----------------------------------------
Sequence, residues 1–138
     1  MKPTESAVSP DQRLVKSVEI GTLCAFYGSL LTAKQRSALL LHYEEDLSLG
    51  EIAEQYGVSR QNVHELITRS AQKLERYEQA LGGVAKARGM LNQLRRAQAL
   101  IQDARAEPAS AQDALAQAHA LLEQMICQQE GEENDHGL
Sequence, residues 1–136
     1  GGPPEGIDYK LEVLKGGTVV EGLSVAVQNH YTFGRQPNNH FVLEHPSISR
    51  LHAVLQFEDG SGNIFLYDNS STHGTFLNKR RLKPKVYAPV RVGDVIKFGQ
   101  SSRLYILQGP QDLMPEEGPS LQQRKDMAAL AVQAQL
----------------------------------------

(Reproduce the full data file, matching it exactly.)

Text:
Sequence, residues 1–138
     1  MKPTESAVSP DQRLVKSVEI GTLCAFYGSL LTAKQRSALL LHYEEDLSLG
    51  EIAEQYGVSR QNVHELITRS AQKLERYEQA LGGVAKARGM LNQLRRAQAL
   101  IQDARAEPAS AQDALAQAHA LLEQMICQQE GEENDHGL
Sequence, residues 1–136
     1  GGPPEGIDYK LEVLKGGTVV EGLSVAVQNH YTFGRQPNNH FVLEHPSISR
    51  LHAVLQFEDG SGNIFLYDNS STHGTFLNKR RLKPKVYAPV RVGDVIKFGQ
   101  SSRLYILQGP QDLMPEEGPS LQQRKDMAAL AVQAQL